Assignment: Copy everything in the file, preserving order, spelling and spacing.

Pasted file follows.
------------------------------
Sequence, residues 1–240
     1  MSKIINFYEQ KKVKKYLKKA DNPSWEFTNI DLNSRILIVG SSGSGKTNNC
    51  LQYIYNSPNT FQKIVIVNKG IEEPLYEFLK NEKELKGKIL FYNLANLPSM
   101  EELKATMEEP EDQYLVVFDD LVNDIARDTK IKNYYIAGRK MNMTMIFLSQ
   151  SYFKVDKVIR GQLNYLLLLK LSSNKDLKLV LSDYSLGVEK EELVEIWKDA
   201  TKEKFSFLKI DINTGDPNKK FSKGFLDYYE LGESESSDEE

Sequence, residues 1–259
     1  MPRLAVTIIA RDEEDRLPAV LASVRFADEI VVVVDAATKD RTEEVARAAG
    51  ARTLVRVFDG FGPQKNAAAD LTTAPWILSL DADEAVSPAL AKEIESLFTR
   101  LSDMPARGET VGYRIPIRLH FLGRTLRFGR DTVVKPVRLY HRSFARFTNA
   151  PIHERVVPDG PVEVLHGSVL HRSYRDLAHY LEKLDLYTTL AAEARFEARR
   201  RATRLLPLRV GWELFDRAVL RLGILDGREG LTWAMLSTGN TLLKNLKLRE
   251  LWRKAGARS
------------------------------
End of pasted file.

Sequence, residues 1–240
     1  MSKIINFYEQ KKVKKYLKKA DNPSWEFTNI DLNSRILIVG SSGSGKTNNC
    51  LQYIYNSPNT FQKIVIVNKG IEEPLYEFLK NEKELKGKIL FYNLANLPSM
   101  EELKATMEEP EDQYLVVFDD LVNDIARDTK IKNYYIAGRK MNMTMIFLSQ
   151  SYFKVDKVIR GQLNYLLLLK LSSNKDLKLV LSDYSLGVEK EELVEIWKDA
   201  TKEKFSFLKI DINTGDPNKK FSKGFLDYYE LGESESSDEE

Sequence, residues 1–259
     1  MPRLAVTIIA RDEEDRLPAV LASVRFADEI VVVVDAATKD RTEEVARAAG
    51  ARTLVRVFDG FGPQKNAAAD LTTAPWILSL DADEAVSPAL AKEIESLFTR
   101  LSDMPARGET VGYRIPIRLH FLGRTLRFGR DTVVKPVRLY HRSFARFTNA
   151  PIHERVVPDG PVEVLHGSVL HRSYRDLAHY LEKLDLYTTL AAEARFEARR
   201  RATRLLPLRV GWELFDRAVL RLGILDGREG LTWAMLSTGN TLLKNLKLRE
   251  LWRKAGARS